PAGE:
A recent report by UN Women paints a worrisome global picture of the progress on Sustainable Development Goals (SDGs) pertaining to gender equality. Among several concerns raised, the report predicts that going by the current trends of progress, by 2030, nearly 8% of the world’s female population will live in extreme poverty and close to a quarter will experience moderate to severe food insecurity. The report also points to the deeply entrenched gender gap in leadership positions and in the uneven distribution of unpaid care and domestic work between men and women.
An interesting feature of this year’s report is the inclusion of the sex-disaggregated data to project the differentiated effects of climate change on gender, premised on the ‘worst-case climate scenario’. As per this methodology, 158.3 million, i.e. 16 million more women and girls, when compared to the total number of men and boys, will be pushed to poverty by mid-century due to climate change. It is also projected that nearly 236 million more women and girls will be affected by food insecurity. Against this backdrop, the recently concluded G20 Summit Declaration in India with a focus on “driving gender-inclusive climate action” and “women-led- development” gains significance. Amidst four priority areas, the role of “women and girls as change-makers in climate resilience action” has been emphasised by the Ministry of Women and Child Development.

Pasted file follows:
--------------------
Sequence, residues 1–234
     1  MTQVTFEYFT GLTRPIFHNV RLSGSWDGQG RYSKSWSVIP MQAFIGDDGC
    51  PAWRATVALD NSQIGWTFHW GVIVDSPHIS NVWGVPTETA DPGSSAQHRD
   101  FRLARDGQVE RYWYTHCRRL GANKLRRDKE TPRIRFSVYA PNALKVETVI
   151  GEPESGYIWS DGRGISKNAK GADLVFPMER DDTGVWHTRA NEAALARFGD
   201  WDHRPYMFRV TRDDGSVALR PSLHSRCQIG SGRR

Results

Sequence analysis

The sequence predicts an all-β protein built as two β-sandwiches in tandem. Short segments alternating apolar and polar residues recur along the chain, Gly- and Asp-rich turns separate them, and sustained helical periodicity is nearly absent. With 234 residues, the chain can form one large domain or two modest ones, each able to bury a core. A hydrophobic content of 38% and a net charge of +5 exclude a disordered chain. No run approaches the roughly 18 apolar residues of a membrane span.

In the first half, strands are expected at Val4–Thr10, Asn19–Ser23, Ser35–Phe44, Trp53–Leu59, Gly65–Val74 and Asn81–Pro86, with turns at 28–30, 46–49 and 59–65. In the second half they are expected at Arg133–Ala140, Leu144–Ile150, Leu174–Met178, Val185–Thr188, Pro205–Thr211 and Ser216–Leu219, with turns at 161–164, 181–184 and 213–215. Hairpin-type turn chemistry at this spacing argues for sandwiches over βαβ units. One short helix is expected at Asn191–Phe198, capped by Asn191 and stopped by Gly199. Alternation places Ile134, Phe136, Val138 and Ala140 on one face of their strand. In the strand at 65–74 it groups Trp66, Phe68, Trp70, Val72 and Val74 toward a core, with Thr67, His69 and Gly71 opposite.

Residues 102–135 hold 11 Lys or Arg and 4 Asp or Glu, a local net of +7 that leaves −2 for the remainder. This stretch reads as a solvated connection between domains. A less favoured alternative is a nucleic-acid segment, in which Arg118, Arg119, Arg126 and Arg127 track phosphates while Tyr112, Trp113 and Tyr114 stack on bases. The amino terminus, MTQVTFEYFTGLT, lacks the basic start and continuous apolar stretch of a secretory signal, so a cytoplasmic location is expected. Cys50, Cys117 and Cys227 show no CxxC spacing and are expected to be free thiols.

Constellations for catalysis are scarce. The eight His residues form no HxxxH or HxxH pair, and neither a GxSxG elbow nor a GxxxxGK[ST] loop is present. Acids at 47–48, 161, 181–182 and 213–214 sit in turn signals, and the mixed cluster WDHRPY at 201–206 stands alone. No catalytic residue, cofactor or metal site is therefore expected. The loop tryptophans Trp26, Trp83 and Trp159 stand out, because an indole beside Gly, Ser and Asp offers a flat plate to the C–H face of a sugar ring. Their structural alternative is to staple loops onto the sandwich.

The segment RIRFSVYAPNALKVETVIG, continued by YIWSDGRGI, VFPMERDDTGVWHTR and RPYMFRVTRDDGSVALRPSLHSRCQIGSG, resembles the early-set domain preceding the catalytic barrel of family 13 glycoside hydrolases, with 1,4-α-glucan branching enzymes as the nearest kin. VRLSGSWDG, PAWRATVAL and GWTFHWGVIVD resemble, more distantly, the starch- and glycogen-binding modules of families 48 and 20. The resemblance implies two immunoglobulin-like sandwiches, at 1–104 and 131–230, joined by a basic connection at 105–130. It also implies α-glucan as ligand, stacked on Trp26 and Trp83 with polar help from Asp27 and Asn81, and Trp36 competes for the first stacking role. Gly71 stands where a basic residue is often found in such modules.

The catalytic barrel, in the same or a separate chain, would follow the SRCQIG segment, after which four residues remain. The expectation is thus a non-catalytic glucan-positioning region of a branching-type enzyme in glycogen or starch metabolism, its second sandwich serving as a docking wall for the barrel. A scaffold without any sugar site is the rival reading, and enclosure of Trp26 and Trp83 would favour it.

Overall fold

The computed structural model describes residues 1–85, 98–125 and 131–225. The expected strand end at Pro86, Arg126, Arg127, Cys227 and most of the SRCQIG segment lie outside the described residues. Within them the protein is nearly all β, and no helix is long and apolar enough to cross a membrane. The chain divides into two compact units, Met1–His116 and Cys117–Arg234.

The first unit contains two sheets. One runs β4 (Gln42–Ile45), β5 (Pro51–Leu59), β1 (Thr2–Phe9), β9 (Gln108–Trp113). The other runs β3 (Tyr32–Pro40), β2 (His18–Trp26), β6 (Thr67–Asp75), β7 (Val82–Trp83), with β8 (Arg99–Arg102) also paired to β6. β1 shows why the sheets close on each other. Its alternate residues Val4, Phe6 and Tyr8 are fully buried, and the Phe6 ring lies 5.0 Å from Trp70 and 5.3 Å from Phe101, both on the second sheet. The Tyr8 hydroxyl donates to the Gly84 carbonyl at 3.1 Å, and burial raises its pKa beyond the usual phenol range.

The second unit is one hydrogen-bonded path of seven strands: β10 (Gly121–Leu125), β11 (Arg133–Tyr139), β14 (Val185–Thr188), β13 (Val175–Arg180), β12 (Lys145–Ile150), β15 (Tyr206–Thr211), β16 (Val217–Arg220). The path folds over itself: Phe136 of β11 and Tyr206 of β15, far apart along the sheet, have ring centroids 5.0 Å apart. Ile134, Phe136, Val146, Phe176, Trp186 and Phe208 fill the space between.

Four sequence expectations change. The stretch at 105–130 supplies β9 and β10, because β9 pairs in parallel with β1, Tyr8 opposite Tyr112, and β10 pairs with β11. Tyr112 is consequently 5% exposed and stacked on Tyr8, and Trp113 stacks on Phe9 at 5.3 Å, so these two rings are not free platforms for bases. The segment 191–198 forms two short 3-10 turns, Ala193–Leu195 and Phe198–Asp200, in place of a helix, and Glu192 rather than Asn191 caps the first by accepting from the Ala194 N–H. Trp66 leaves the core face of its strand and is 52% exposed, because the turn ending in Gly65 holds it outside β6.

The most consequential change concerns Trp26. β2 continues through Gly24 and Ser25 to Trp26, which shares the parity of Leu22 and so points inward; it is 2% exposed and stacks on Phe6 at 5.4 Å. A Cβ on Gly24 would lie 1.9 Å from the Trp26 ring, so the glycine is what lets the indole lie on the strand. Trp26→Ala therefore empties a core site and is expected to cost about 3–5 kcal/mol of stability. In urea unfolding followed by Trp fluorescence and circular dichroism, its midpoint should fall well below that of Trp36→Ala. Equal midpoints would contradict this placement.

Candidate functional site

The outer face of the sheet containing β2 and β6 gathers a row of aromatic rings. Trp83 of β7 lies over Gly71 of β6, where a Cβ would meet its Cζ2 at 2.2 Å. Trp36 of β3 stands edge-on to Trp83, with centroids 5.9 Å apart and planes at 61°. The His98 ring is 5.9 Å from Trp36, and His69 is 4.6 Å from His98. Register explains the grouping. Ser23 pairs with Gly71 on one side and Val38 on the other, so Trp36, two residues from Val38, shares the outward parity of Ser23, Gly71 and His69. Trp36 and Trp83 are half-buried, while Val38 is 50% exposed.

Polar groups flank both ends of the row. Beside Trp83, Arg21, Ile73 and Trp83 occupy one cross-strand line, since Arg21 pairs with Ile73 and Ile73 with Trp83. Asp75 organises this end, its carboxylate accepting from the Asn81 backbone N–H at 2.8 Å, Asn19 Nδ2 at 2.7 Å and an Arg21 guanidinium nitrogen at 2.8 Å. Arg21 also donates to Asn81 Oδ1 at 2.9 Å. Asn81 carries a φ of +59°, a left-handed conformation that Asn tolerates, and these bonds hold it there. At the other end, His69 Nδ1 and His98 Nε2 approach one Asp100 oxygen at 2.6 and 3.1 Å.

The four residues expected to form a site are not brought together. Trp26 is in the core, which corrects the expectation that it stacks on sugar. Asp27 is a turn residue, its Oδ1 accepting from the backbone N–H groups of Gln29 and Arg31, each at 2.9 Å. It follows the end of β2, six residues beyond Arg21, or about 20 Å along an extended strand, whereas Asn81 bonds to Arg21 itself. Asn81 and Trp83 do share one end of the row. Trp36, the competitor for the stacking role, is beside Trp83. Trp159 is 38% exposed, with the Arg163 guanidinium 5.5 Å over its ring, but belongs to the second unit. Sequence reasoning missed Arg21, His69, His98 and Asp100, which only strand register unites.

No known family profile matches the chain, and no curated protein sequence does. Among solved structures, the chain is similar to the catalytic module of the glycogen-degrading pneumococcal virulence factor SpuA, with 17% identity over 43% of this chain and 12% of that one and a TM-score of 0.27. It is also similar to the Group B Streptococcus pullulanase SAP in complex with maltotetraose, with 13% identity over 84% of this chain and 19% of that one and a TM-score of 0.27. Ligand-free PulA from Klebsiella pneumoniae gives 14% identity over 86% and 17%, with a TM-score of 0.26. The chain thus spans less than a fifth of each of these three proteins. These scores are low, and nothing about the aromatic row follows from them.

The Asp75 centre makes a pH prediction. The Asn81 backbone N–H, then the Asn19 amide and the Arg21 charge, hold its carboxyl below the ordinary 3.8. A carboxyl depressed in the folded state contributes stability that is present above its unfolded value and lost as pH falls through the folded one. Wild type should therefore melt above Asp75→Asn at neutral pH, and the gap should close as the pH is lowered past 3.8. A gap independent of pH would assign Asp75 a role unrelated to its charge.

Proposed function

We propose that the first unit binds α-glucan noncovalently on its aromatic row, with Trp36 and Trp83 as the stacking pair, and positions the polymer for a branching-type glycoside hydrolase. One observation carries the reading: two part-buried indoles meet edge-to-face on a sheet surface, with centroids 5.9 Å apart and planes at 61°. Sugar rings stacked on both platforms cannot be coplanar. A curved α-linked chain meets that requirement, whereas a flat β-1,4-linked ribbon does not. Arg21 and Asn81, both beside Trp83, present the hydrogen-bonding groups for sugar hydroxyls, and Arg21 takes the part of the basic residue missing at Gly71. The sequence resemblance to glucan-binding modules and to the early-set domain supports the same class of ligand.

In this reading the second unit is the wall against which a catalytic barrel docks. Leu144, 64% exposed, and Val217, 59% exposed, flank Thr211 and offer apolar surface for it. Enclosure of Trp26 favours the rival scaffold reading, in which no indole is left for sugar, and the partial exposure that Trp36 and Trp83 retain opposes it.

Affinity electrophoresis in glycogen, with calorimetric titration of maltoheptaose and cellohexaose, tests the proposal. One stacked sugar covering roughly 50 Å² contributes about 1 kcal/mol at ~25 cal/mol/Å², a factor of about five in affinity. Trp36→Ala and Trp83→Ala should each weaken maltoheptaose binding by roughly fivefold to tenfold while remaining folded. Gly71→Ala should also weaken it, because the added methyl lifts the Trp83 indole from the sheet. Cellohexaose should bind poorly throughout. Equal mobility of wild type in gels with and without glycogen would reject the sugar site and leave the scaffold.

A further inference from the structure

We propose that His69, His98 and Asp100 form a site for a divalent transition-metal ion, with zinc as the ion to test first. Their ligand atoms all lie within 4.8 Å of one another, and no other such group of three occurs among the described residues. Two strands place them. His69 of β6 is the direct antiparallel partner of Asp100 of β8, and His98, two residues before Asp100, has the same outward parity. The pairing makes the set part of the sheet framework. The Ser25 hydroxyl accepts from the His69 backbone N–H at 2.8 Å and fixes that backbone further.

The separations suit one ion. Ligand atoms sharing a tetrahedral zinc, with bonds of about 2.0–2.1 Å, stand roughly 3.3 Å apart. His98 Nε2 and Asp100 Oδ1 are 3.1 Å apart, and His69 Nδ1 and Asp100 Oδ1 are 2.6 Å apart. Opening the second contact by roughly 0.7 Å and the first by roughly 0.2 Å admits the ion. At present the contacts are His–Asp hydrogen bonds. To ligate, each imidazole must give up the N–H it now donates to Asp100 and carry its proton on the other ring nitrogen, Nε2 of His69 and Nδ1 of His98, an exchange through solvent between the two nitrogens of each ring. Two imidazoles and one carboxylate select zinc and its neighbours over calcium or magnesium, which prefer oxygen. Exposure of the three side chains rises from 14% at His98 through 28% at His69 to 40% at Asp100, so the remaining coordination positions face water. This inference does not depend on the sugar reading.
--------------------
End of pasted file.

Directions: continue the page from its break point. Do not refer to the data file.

A critical question, therefore, is to ask where India stands, on gender inclusivity in its climate action plans, given that it has been eight years since the SDG goals came into force in 2016. Is the commitment to involve women just an empty rhetoric, or is there a genuine acknowledgment of the gender dimensions of climate change?
The analysis in subsequent paragraphs will elucidate how climate change has been adversely affecting women and girls in India, and what policy imperatives need to be put in place.
How does climate change disproportionately affect women?
Women share an intimate and complex relationship with their local natural environment. Much of the household responsibilities that are climate sensitive such as collection of water, firewood, and fodder as well as ensuring food security for families fall on women.
Bina Agarwal in her book, Gender and Green Governance, provides a poignant narrative of a near-landless woman in Uttarakhand: “Of course it pains me to cut a green branch, but it also pains me when my children’s stomachs hurt if there is no firewood to cook them a meal.” The gender division of labour within households imposes demands on women’s time and the resulting drudgery of long hours of work is very uneven between men and women. When combined with fewer employment opportunities, poor occupational mobility, and low wages, women are rendered more socially and economically vulnerable.
To cite an example, the social practice of Water Wives in a village in western Maharashtra unravels the burden of traveling long distances to procure drinking water for households, leaving little time to complete other household chores. This led to a situation where men started to marry more than one woman to ensure adequate drinking water.